dot.gif (854 bytes) Warm 4 tablespoons of the oil in a wide skillet with the rest of the sage and the thyme, the add onions, yellow pepper, chopped garlic and 1 teaspoon salt. Cover and cook slowly until the onions are completely soft. While they are cooling, seed and chop the tomatoes then strain the juice to remove the seeds. Add the eggplant to the onions, stirring well to combine; then cover and cook over medium heat for 10 min. Add the tomatoes with their juice, and continue cooking until eggplant is tender.
dot.gif (854 bytes) Transfer the vegetables to a bowl. Add the cooked beans. Season with plenty of freshly ground black pepper, more sage, salt and thyme if desired. Preheat oven to 350° F.
dot.gif (854 bytes) Lightly oil a gratin dish large enough to hold 8 cups. Pour in the beans and vegetables. Liquid should come halfway up the side of the dish. If more is needed, add bean broth. Mix bread crumbs with parmesan cheese and remaining oil and spread over the top. Bake gratin until it is hot and bubbling and the crust brown, about 40 minutes. Serve with AVV Merlot or Cabernet Franc.

Click here for Part II

Excellence in the Loire Valley of France is represented by Gratien et Meyer, de Ladoucette, Marc Brédif and La Poussie. The largest and most famous Pouilly-Fumé vineyards have been in the hands of Comte Lafond and Ladoucette families since 1787 when the Comte Lafond purchased the region’s largest wine-growing estate from the illegitimate daughter of the French King, Louis XV.

These families were bankers, and some members were governors of the Banque de France—the major French bank at the time. Like many aristocratic families, winemaking was a hobby.

At the end of the 19th century, the vineyards were virtually destroyed by phylloxera—lice that invade the roots. Two world wars prevented full restoration of all the acreage, but many vineyards were replanted with phylloxera-resistant rootstock (probably T.V.Munson’s of Texas) and they still thrive.

In 1972 Baron Patrick de Ladoucette took over the vineyard. He was the first member of the family to concentrate exclusively on wine production and began a series of investments in vineyards. He extended his interests to Sancerre, and later, in 1980, bought vineyards in Vouvray. In 1985 he acquired one of the best known Chablis houses, Albert Pic. His one rule behind all these investments was to be able to produce the best white wines from each of these grape varieties: sauvignon blanc, Chenin blanc and Chardonnay.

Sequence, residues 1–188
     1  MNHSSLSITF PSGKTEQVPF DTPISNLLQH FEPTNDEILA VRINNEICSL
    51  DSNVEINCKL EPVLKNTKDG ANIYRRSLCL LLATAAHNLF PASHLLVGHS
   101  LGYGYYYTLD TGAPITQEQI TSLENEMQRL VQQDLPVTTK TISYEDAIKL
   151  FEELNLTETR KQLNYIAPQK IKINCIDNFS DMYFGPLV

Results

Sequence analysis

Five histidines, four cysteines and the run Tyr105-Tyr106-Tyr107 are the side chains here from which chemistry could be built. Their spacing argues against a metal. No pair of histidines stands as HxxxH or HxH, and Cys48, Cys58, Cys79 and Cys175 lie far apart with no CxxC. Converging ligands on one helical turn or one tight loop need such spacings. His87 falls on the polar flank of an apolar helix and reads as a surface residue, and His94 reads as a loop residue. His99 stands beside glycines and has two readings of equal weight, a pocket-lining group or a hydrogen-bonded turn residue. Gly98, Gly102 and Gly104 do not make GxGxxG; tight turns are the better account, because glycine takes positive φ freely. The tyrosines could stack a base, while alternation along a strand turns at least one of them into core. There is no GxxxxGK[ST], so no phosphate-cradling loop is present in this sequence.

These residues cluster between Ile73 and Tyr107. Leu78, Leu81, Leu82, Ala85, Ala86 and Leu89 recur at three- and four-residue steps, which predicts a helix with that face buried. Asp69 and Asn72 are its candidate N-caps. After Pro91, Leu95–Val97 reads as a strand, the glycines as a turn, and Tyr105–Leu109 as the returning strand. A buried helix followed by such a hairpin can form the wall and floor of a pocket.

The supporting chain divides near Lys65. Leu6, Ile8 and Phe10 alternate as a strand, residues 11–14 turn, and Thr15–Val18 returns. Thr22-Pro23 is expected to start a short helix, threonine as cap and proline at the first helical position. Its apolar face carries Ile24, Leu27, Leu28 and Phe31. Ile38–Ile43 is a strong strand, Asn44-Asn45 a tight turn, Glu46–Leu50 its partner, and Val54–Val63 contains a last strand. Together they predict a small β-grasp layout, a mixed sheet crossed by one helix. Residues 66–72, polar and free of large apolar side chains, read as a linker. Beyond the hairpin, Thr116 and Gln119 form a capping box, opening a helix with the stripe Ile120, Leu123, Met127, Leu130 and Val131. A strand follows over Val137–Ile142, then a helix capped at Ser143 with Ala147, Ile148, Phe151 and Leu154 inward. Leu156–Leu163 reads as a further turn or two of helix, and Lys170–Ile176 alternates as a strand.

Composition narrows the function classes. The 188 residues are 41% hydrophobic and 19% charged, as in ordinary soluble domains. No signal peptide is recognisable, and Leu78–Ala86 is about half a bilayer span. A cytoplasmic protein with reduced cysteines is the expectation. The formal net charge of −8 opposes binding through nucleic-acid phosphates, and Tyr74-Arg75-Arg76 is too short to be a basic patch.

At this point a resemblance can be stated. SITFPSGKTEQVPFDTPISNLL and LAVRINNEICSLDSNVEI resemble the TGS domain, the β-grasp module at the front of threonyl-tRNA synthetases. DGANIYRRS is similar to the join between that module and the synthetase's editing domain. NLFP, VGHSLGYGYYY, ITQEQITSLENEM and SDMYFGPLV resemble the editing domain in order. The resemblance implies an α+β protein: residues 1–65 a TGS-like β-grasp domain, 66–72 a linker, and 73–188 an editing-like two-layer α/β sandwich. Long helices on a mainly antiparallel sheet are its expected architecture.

De Ladoucette 1996 Sancerre Comte Lafond $27.50

De Ladoucette 1996 Pouilly Fumé Ladoucette $29

Marc Brédif grows Chenin blanc in Vouvray. The history of the wines of Vouvray is directly linked to the religious history of the Touraine


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James Beard Foundation Restaurant Awards

Perrier Outstanding Restaurant: Le Bernardin, Chef Eric Ripert, New York

Farberware Cookware Outstanding Chef: TIE: Wolfgang Puck, Spago, Beverly Hills and Jean-Georges Vongerichten, Jean Georges, New York

Perrier-Jouët Rising Star Chef of the Year: Keith Luce, Spruce, Chicago

Café de Colombia Outstanding Pastry Chef: Stephen Durfee, The French Laundry, Yountville

Hudson Valley Fois Gras Outstanding Wine Service: The Inn at Little Washington, Washington, VA

Best New Restaurant: Jean Georges, Chef Didier Virot, New York

Outstanding Service: Four Seasons, New York

American Express Best Chefs in America:

California—Julian Serrano, Masa’s, San Francisco

New York City—Eric Ripert, Le Bernardin, New York

Mid-Atlantic—Georges Perrier, Le Bec-Fin, Philadelphia

Midwest—Sarah Stegner, Ritz-Carlton Dining Room, Chicago

Southeast—Frank Brigtsen, New Orleans

Southwest—Alessandro Stratta, Mary Elaine’s at The Phoenician, Scottsdale

Northeast—Susan Regis, Biba, Boston

Northwest—TIE: Cory Schreiber, Wildwood, Portland and Thierry Rautureau, Rover’s, Seattle

Humanitarian of the Year: Rick Bayless, Founding member & Chairman of Chefs Collaborative 2000

Lifetime Achievement Award: Madeleine Kamman, Author, Educator, Chef

Hudson Valley Foie Gras Outstanding Wine & Spirits Professional: Robert Parker, The Wine Advocate